The Gran Paradiso group includes the only 4.000 meter summit entirely in Italian territory, that is the namesake summit that reaches 4.061 meters. According to an unlikely theory, also la Grivola (sung by the Italian poet Giosuè Carducci, winner of the 1906 Nobel prize for literature) formerly touched the height of 4.000m, before shrinking to the present 3.969 meters, due to a collapse of its summit spire.
Gran Paradiso is one of the most important groups of the Western Alps; in particular it belongs to Alpi Graie (Graian Alps). Its western and eastern boundaries are not exactly identified: the geological limits are generally placed West at Col del Nivolet (2.612m) and East at Col dell'Arietta (2.939m), whereas the debated geographical limits are placed West at Col di Rhemes or Punta Basei (3.338m), East at Rosa dei Banchi (3.164m) or Bec Pragelas (2.908m).
In the latter case, the borders coincide with the ones of Parco Nazionale del Gran Paradiso, the first Italian National Park instituted in the year 1922, approximately on the area that had been the Royal Hunting Preserve. King Vittorio Emanuele II had wanted the hunting preserve, in order to prevent the extinction of steinbock (Capra ibex) and chamois (Rupicapra rupicapra), of which he was an inveterate hunter.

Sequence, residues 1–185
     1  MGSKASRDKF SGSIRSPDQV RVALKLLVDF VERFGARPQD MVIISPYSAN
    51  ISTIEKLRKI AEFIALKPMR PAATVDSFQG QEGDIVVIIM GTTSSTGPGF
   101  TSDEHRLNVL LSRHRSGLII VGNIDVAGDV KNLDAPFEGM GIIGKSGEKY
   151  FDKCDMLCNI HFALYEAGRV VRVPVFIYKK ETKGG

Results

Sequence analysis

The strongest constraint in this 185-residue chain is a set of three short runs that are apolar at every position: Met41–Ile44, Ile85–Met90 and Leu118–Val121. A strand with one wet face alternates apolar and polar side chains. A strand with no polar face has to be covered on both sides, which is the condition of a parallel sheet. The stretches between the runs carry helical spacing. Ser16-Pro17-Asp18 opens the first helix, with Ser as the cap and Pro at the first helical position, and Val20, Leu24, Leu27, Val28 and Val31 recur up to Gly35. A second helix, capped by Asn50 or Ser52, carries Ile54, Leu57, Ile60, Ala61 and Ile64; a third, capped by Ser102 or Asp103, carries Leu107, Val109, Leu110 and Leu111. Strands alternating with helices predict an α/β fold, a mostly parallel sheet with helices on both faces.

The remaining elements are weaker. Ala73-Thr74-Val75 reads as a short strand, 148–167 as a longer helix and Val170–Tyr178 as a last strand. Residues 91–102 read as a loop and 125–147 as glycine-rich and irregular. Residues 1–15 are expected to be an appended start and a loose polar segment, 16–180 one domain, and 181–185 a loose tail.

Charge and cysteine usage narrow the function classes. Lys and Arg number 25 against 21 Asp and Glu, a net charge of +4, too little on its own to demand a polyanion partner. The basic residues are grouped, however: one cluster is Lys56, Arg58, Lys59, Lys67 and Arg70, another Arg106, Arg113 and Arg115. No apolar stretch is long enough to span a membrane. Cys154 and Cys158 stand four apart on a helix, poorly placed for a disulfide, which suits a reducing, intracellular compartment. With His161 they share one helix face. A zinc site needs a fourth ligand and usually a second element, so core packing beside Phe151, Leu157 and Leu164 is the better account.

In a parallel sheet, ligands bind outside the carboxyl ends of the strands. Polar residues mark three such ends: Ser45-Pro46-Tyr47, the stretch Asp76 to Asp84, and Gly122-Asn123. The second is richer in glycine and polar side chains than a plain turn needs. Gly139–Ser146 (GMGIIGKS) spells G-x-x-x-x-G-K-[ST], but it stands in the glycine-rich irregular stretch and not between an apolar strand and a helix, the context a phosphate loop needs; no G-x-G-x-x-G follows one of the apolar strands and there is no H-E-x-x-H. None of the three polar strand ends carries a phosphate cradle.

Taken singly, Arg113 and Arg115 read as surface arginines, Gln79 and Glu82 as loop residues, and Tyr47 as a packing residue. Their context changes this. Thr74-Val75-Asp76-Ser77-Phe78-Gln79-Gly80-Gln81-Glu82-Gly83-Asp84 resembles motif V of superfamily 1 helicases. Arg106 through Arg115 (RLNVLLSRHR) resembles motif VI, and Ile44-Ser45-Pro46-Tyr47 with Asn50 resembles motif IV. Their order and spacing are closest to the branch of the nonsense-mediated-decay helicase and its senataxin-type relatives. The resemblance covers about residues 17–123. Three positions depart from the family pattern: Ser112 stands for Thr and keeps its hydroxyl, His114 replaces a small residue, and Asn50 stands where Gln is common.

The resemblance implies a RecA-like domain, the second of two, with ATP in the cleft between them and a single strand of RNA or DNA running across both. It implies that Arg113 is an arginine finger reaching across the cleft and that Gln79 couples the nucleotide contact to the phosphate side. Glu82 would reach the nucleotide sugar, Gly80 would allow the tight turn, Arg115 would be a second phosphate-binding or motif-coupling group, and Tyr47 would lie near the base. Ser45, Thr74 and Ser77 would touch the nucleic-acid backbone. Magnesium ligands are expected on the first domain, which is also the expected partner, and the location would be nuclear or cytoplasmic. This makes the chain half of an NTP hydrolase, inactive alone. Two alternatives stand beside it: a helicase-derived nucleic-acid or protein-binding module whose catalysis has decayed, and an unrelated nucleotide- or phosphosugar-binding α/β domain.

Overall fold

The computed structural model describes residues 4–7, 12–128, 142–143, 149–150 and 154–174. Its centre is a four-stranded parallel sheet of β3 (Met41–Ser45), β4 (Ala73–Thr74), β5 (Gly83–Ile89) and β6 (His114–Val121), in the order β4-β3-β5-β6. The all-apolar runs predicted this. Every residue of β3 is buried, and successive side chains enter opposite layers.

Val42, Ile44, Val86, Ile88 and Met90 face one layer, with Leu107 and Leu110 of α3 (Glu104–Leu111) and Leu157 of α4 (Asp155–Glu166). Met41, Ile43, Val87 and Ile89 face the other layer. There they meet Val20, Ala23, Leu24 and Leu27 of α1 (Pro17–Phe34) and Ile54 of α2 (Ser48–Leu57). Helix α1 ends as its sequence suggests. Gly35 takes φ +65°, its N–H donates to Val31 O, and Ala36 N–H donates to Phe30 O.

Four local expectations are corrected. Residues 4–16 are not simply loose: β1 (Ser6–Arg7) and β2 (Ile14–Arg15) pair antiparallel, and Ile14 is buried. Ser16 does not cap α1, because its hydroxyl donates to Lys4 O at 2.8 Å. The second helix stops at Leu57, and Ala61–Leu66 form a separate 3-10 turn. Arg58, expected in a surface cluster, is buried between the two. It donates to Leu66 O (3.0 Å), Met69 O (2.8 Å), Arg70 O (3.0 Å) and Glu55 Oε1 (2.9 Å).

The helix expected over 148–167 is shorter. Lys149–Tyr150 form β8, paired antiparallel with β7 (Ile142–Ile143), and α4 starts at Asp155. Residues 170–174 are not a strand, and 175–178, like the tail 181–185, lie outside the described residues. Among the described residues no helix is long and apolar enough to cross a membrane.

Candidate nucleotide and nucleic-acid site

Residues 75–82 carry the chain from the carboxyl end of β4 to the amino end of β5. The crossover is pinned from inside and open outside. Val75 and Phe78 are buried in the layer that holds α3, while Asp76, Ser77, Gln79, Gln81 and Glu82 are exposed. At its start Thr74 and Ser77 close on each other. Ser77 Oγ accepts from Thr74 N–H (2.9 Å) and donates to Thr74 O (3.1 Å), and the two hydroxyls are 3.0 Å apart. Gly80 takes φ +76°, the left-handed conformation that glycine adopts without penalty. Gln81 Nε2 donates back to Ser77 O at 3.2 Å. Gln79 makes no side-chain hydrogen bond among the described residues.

Both group and park extend over Valle d'Aosta and Piemonte, whose border is just the ridge, belonging to the Gran Paradiso group and running from west to east. In Valle d'Aosta, a series of ranges developing in the south-north direction separates the different valleys; from the west the three principal valleys: val di Rhemes, Valsavarenche and valle di Cogne, which in turn originates Valnontey (that is the heart of the Group), Valeille, and the secondary valleys of Bardoney and Acque Rosse.
In the Piemontese sector, starting from Valle dell'Orco, the main valley of Ceresole Reale that runs from east to west, a series of secondary valleys originates, directed approximately northwards: the "valloni" of Soana, Campiglia, Forzo, Eugio, Piantonetto, Noaschetta, Gias della Losa, Goi, Ciamousseretto, Roc, all divided by ridges less imposing than the ones in the Valle d'Aosta sector.
Valle dell'Orco played a fairly important role in the history of rock climbing in Italy in the 1970s. Besides, in the Vallone del Piantonetto one can find fantastic gneiss on the Becco di Valsoera, Becco della Tribolazione and many other local summits, drops up to 700 m and all kinds of difficulties.